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APers, Help me manage ds's recent determination not to attend kindy any more

(10 Posts)
phdlife Sun 14-Aug-11 12:35:42

4yo ds is doing a 5-day fortnight at a small kindergarten (the year before he should go to reception). Although he took a while to adjust to all the other dc's, he has enjoyed it until very recently. Now he is giving me "I don't want to go to kindy, trust me, I just don't want to go!" starting the day before he has to go, and fiercely resisting every attempt to get him out the door. Once there, of course, he has a great time.

Both the teachers and I are fairly confident that he doesn't have a problem with anyone there; certainly he hasn't said anything at all. The only thing he will say is that he's played with all the kindy's toys 140 times and he doesn't want to play with them any more! I am sure that the real issue here is a pull towards home rather than a real push from kindy, iygwim.

The only other thing I can think of, is that his best male friend, a child with a remarkably similar temperament, has been crying that he doesn't want to go to kindy ever since the last term break. He has a big cry every day and the only thing that helps (a little) is one of the teachers and my ds. His mum doesn't know why either, though I trust that she is sensitive and concerned to manage it. Maybe we've done the wrong thing encouraging ds to support the other lad?

Any thoughts on how to get through this?

nickschick Sun 14-Aug-11 12:44:43

If you know he's ok once he gets there and there doesnt appear to be any reason to his distress then as he's only 4 I think you need to 'pander to him' .....if you speak to the nursery nurse she may help you come up with a plan such as (rough idea) the fish/hamster or whatever pet is at kindy needs a special person to keep an eye on it,so he has a very important job and he needs to check the pet every morning - so even though he doesnt want to go he needs to go because he has a 'job' - perhaps he could be keeper of the key ( any random key will do ,just thread a ribbon through the top and make like its a special key)and he can hand it to the nursery nurse in the morning.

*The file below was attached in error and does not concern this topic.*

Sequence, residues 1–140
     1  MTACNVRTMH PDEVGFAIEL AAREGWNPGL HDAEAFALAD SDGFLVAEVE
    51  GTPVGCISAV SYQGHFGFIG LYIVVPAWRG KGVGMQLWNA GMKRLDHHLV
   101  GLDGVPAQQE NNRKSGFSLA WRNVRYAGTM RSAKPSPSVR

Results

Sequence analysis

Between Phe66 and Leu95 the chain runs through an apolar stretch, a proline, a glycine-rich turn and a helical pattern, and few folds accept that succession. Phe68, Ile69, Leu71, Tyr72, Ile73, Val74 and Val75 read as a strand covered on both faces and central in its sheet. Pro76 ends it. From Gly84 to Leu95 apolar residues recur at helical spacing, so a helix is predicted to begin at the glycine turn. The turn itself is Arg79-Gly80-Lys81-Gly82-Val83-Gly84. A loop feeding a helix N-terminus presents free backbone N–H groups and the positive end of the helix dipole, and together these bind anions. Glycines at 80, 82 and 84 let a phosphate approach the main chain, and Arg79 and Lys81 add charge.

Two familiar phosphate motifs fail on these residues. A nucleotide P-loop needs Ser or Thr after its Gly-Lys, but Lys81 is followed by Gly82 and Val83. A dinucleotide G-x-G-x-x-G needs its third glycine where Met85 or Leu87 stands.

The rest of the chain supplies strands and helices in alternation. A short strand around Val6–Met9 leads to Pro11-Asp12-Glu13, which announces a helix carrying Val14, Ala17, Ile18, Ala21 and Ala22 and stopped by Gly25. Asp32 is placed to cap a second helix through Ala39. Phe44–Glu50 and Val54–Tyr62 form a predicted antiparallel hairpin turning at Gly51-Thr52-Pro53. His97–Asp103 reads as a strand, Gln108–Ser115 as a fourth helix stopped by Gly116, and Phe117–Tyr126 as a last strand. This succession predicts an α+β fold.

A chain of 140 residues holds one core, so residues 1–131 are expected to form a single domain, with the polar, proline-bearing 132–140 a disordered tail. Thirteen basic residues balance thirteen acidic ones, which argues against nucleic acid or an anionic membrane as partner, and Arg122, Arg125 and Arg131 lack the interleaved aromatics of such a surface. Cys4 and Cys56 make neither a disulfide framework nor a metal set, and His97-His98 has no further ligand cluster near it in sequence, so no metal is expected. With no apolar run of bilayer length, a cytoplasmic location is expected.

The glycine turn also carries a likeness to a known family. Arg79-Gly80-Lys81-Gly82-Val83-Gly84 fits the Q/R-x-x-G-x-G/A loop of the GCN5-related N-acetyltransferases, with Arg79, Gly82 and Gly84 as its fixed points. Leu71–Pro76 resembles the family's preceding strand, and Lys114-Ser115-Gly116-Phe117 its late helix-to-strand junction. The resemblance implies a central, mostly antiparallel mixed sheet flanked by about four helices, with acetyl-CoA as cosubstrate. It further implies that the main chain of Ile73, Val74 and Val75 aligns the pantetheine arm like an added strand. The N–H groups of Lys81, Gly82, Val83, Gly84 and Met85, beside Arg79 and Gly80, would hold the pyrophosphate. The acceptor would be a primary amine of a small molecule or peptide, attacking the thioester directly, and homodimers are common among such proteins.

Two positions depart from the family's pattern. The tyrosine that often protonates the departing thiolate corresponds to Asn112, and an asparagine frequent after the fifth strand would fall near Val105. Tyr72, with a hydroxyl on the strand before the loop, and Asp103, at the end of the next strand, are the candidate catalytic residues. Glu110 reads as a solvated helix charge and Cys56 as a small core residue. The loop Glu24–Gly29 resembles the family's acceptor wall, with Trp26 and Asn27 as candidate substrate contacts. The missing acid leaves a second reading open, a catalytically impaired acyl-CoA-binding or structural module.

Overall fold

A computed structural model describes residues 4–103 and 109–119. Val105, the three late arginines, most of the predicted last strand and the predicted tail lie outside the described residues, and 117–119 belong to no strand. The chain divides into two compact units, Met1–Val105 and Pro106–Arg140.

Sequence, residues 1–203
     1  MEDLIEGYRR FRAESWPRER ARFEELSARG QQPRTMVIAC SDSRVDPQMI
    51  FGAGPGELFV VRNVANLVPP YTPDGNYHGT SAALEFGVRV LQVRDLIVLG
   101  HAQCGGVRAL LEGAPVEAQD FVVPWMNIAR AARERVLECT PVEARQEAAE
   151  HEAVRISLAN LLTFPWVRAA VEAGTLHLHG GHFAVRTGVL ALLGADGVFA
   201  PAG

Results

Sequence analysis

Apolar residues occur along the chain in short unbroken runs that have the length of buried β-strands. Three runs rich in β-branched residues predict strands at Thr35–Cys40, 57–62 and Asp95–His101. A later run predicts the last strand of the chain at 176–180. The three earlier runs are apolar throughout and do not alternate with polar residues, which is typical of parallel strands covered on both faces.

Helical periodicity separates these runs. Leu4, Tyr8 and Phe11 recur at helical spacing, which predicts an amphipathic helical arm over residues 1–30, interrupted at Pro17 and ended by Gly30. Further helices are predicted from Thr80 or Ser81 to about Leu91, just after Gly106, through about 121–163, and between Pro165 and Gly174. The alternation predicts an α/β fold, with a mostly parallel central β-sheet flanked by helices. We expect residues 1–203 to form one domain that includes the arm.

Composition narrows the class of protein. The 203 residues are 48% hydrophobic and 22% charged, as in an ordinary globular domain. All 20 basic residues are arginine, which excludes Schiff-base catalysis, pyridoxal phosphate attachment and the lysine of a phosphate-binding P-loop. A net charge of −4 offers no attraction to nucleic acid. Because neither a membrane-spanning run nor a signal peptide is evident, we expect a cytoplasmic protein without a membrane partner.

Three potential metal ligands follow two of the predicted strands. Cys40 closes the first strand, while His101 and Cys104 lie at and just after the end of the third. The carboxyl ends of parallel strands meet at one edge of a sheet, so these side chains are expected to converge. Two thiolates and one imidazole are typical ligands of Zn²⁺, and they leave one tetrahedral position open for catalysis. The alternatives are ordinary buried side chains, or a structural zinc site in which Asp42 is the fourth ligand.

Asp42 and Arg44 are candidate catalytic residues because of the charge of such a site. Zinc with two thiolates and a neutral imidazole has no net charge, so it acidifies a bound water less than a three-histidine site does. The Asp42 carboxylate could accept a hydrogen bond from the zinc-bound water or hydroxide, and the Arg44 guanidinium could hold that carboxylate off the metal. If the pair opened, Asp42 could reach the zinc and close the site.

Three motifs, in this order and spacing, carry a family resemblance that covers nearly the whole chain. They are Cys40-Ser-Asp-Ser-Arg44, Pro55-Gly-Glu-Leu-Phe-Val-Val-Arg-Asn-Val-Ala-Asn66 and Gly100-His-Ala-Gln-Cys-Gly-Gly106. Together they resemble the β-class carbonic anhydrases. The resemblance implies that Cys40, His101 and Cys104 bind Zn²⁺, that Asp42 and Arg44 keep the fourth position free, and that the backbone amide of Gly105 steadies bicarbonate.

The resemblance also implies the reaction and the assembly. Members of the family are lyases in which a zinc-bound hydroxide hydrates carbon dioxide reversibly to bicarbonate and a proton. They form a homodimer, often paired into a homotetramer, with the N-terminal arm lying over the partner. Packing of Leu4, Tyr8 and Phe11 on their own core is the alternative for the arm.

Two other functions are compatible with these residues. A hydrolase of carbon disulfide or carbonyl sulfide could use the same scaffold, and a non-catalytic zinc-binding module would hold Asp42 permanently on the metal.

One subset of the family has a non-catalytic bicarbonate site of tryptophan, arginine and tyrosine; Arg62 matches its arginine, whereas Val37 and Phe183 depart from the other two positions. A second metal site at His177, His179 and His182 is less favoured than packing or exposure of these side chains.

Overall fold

I think he's just gotten himself into a 'habit' and by diverting his attention you may well break it - hes only 4 though and must be so confident to find reasons to reinforce his unwillingness to attent kindy.

nickschick Sun 14-Aug-11 12:45:40

Whats an APer?

BertieBotts Sun 14-Aug-11 12:51:11

I think AP just means in this instance OP isn't interested in replies along the lines of "Just make him go, don't be so ridiculous!!"

camdancer Sun 14-Aug-11 14:48:50

When my DS decided he didn't want to go to preschool I said fine, but then found a job I had to do there. Once there he still had the choice to come home with me but never did! We also talked about the things me and DD did while he was at preschool. Once he realised our days weren't filled with endless sweets and toys (or whatever other thing he imagined) he stopped asking to stay with us.

It was important to me that he chose to go on his own - which I know lots of people disagree with - and I would have kept him with me if he'd asked.